‘Together We Can!’
The following are excerpts from the opening statement by the Right Honourable DR HAGE GEINGOB, Prime Minister of the Republic of Namibia, at the Eleventh Session of the Conference of Parties (COP 11) of the UN Convention to Combat Desertification (UNCCD), in Windhoek on September 23, 2013.
As President of COP11 to the UNCCD, the Republic of Namibia pledges its whole-hearted commitment towards a stronger UNCCD for a land degradation neutral world and giving effect to the Rio+20 – Future We Want – outcome document.
“The Future We Want” outlines our global aspirations and strategic prioritiesfor the years to come, including ensuring the timely and adequate allocation of resources to address multiple challenges and threats related to natural and environmental risks, particularly droughts and floods.
Ensuring food security and improved livelihoods for our vulnerable communities are also cornerstones of “the Future We Want”, which provides us with overarching guidance here as we seek to strengthen implementation of the UNCCD.
The technical experts have discussed and deliberated over the past week on the importance and optimum modalities of strengthening the implementation of the UNCCD.
It is our collective responsibility to ensure that comprehensive and concrete steps are taken towards a world without land degradation, and to enhance our performance in implementing the remaining five years of the UNCCD Strategy.
We must ensure that the legacy we leave behind from here is significant and meaningful in terms of impact at all levels from the local to the international.
I am informed that best practices from around the world have been shared through the different fora of this Conference.
I would like to take this opportunity to highlight briefly here some of the programmes and major policy interventions that the government of Namibia has undertaken as part of our national endeavors to combat desertification, land degradation and drought (DLDD); eg, even before the Republic of Namibia ratified the UNCCD in 1997, we had already started with the implementation of a National Action Programme to Combat Desertification known as NAPCOD.
This Programme came to an end in 2005 but was built upon by the Country Pilot Partnership Programme which ran from 2007-2012.
Both NAPCOD and CPP were implemented using the programmatic approach involving Government, civil society organisations, tertiary institutions, donor agencies and private sector partners. Both programmes have helped us to tackle a number of our shortcomings in the areas of policy; institutional and individual capacity; awareness-raising; monitoring; and the engagement of communities and vulnerable groups on land degradation issues.
A third generation National Action Programme is currently under development and will be among the outcomes from this Conference. It is still our belief that the outcomes of this Conference will result in the setting of baselines and targets and the mobilisation of all stakeholders for the enhanced implementation of the Convention.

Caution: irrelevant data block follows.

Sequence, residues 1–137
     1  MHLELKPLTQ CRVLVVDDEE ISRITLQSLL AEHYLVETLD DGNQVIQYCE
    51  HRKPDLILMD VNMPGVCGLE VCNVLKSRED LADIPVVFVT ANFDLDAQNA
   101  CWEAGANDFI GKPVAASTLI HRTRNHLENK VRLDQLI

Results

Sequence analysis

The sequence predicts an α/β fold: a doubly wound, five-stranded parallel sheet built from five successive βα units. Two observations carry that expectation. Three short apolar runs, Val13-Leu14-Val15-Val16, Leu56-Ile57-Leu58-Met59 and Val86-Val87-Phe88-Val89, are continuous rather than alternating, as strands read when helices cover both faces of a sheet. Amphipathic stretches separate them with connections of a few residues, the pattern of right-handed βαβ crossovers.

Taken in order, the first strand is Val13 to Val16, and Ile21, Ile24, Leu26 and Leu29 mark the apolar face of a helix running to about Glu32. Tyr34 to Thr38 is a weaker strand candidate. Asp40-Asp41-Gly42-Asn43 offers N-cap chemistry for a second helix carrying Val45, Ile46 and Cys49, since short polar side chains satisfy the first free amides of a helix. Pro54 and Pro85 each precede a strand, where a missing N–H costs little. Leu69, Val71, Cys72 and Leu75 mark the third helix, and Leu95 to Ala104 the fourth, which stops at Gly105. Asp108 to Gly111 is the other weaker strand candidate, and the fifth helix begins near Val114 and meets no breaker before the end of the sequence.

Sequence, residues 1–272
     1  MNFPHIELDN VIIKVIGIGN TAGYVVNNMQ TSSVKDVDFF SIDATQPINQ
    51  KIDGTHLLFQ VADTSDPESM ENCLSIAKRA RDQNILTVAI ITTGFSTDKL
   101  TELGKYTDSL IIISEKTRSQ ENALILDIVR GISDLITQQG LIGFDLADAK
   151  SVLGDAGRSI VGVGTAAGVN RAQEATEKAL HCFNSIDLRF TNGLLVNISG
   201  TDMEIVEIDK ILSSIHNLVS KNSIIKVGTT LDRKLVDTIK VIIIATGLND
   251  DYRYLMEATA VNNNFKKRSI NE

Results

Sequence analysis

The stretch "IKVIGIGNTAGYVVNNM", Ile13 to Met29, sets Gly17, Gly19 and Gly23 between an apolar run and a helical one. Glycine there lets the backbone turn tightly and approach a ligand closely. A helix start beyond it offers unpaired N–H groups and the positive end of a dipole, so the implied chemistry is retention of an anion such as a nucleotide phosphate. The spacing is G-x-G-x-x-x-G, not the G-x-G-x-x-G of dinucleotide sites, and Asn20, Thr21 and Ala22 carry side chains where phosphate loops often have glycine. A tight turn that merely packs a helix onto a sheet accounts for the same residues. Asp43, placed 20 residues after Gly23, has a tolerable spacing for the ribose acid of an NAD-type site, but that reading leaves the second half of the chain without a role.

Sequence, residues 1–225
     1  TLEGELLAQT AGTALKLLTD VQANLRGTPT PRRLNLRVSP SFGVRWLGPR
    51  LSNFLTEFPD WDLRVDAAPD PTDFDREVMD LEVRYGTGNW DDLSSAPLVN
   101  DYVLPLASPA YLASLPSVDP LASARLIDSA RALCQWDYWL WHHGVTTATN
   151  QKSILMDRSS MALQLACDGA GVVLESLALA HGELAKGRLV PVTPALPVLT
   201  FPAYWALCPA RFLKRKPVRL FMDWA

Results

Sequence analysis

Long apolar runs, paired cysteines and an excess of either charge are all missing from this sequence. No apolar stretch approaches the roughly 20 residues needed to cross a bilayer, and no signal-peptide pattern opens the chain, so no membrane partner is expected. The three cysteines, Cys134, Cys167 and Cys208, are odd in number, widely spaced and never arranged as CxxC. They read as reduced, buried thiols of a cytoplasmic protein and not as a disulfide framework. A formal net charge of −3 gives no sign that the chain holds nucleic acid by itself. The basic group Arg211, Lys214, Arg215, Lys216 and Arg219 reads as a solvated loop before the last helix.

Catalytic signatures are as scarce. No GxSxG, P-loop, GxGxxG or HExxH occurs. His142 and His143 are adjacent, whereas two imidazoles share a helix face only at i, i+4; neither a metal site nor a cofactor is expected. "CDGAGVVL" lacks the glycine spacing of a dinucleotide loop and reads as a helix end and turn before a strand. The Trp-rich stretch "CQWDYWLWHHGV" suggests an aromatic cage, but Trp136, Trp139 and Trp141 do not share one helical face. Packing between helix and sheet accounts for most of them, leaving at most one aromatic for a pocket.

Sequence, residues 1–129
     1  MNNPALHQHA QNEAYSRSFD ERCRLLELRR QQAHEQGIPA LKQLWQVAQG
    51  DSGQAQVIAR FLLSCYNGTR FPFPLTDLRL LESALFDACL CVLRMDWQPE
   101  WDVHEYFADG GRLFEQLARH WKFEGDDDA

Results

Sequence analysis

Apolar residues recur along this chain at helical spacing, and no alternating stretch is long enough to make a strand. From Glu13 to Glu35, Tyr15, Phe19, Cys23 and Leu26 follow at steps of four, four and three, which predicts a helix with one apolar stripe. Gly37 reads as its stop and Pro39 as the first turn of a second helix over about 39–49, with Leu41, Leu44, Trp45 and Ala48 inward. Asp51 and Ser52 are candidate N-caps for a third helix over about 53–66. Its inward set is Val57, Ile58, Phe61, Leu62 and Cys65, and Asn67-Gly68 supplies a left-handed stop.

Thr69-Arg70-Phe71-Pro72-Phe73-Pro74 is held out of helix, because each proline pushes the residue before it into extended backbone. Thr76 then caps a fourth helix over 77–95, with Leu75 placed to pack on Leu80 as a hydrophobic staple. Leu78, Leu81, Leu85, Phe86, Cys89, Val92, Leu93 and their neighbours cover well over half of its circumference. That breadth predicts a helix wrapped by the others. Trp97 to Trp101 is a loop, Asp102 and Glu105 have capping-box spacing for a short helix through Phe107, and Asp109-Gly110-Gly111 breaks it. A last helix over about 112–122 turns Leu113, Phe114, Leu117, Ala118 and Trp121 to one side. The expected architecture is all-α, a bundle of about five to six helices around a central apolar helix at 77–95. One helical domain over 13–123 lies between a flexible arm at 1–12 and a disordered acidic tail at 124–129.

This requires that concrete targets are agreed on with a level of ambition needed to encourage suitable policies and practices. In this context, a target-setting approach within the UNCCD would provide the necessary policy and scientific guidance.
I expect that science-based solutions and research receive priority within the implementation of this Convention so that it can enable parties to have progressive impact oriented indicators to address real challenges on the ground, affecting livelihoods and food security of people living in degraded lands.
I am confident that this Forum will serve as an important platform for the private sector to exchange ideas and identify further opportunities and areas of investment linked to sustainable land management and the reduction of poverty in rural areas.
I strongly believe that the UNCCD is a perfect nucleus for synergies and complementarities with the other two Rio Conventions: on biodiversity and climate change. The question we need to ask is how can we ensure synergies between these three Conventions?
The missing link here is the fundamental role of soil for biodiversity conservation, climate change adaptation, agriculture and food security, as well as a host of other benefits such as economic growth, poverty reduction, women’s empowerment and improved water availability.
For this reason I strongly feel that soils and land degradation need to be integrated within the post-2015 sustainable development goals framework. Lastly I would like to remind us that all of our good ideas and expectations can only be achieved if there is adequate, predictable and timely financial support made available to the UNCCD for the estimated 1.5 billion people affected globally by land degradation.
I am confident that, through consensus and co-operation between the 195 parties, we will be able to push towards a stronger UNCCD for a land degradation neutral world.
I would like to remind us all that the UNCCD is premised on commitment to a bottom-up approach that puts local people at the centre of their own development, and I call on us all here to implement solutions that improve the living conditions of our people; that maintain and restore land and soil productivity; and that mitigate the effects of drought.